This six-credit first year spring semester course combines the basic Criminal Law course (three credits) with legal practice (three credits). Professor Millemann will use the legal work to help students to understand and evaluate criminal law, and conversely, use the criminal law principles, rules, and theories to help students understand and evaluate practice.
First year students will work on actual cases, helping to interview clients, conduct factual investigations, and prepare legal memoranda and/or other legal pleadings. They will work under the supervision of Professor Millemann and cooperating lawyers. Although first year students will not be eligible to practice in court under the Maryland student practice rule, they will work as part of a team that is responsible for the representation of the client.
Professor Millemann has practiced law for 45 years and taught for 40 years, including many clinical courses. He and his clinical students have represented criminal defendants in the full range of cases, from misdemeanors through death penalty proceedings. They also have helped to prosecute child-abuse cases.
Students will spend roughly three hours a week in classes devoted to criminal law (taught with seminar-style, lecture, Socratic and role-playing methodologies). They will spend an additional three hours a week in classes and workgroup meetings focused on the legal work and the issues that arise from it, including professional responsibility, justice and practice issues.
Students will work in teams of four. There will be a major written assignment for the semester and students will keep journals of their experiences. There will also be a final exam.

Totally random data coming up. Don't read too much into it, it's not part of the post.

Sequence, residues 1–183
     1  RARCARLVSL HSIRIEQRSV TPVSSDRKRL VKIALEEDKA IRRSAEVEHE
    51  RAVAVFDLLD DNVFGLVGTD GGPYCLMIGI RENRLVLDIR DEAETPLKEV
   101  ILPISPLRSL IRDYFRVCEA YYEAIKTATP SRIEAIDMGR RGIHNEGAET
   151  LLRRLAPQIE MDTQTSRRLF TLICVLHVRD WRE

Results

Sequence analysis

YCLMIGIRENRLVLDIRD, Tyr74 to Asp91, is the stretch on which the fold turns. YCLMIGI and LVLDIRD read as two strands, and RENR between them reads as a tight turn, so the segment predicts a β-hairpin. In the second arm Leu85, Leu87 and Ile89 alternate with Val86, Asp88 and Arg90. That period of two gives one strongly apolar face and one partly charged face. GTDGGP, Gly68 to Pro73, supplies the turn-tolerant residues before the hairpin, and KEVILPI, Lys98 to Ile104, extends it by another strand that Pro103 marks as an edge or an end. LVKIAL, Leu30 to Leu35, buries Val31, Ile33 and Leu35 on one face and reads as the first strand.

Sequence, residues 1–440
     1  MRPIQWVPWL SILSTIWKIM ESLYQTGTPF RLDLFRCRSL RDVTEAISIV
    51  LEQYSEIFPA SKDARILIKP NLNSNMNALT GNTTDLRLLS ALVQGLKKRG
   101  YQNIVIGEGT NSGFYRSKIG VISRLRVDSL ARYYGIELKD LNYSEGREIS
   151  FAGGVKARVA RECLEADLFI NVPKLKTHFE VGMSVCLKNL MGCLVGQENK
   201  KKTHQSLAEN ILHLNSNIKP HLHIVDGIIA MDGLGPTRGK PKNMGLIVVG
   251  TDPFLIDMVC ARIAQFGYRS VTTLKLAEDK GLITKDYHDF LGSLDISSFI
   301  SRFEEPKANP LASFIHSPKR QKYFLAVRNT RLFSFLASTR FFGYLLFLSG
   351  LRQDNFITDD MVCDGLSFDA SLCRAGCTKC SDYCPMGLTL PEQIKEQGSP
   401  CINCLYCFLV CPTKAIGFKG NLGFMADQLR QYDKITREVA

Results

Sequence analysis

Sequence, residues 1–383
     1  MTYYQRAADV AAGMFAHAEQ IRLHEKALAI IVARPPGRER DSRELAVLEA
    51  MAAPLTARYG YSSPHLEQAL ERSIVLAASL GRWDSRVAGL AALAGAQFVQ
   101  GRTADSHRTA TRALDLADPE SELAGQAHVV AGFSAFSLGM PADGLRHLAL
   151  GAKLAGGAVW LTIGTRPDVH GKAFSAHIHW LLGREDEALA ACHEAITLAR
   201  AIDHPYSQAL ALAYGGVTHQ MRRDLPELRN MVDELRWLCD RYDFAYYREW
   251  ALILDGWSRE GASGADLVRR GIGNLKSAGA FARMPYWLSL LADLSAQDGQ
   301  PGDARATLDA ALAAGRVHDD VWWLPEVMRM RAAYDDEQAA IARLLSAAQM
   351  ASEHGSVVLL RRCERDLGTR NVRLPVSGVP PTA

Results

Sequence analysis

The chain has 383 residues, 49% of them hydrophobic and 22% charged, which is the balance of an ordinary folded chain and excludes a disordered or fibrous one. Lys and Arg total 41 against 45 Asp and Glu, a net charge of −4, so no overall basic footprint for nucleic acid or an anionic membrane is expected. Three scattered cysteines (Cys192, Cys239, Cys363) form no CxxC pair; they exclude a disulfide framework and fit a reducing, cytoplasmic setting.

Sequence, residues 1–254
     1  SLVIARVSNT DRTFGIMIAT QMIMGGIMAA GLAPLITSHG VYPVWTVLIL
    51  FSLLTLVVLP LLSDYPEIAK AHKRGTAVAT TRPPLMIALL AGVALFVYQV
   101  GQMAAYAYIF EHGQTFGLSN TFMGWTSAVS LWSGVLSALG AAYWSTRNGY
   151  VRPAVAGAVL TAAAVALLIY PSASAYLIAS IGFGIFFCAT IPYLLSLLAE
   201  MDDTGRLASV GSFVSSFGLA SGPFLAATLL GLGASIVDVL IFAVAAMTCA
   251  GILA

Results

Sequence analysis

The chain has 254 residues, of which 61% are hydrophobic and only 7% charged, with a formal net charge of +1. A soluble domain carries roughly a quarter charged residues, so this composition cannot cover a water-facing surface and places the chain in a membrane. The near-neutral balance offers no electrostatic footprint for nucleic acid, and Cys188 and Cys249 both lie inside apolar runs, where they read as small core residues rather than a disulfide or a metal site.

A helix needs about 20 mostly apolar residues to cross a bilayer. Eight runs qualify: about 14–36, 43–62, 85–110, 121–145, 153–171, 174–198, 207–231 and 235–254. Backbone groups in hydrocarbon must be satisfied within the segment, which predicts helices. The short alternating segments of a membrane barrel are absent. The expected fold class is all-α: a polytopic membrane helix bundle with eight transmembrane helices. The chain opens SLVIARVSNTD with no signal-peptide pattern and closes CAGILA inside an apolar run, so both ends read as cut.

This course satisfies the Cardin requirement, but it does not preclude a student from taking a clinical course in his or her second or third year, and students are encouraged to do so.
Enrollment is limited to 24 students. Students must apply for both this course and Professor Richard Boldt’s fall semester Torts/Legal Analysis and Writing course. These two courses will be coordinated, and through them students will be introduced to basic skills, professional responsibility, justice and practice issues beginning in their first semester and continuing throughout their first year.
The Torts/LA&W course will introduce students to the structure of the American court system, the hierarchy of trial and appellate courts, the elements and implications of court decisions, the relationships between cases and statutes and between courts and legislatures. Students will be provided with a series of writing assignments that will place them in a variety of practice roles. The course will use an approach that explores the interconnections between legal doctrine, legal argument, and the broader social, political, and economic context within which the legal system operates.
Both courses, and the experiences in them, also will be coordinated with the students’ spring semester, 2015 Written and Oral Advocacy course.
Current & Previous Instructors:
|310 (CRN: ) Credits: 6|
Spring, 2015 (Day).
Mon, Tues: 1:05-3:05 Wed: 2:10-4:10.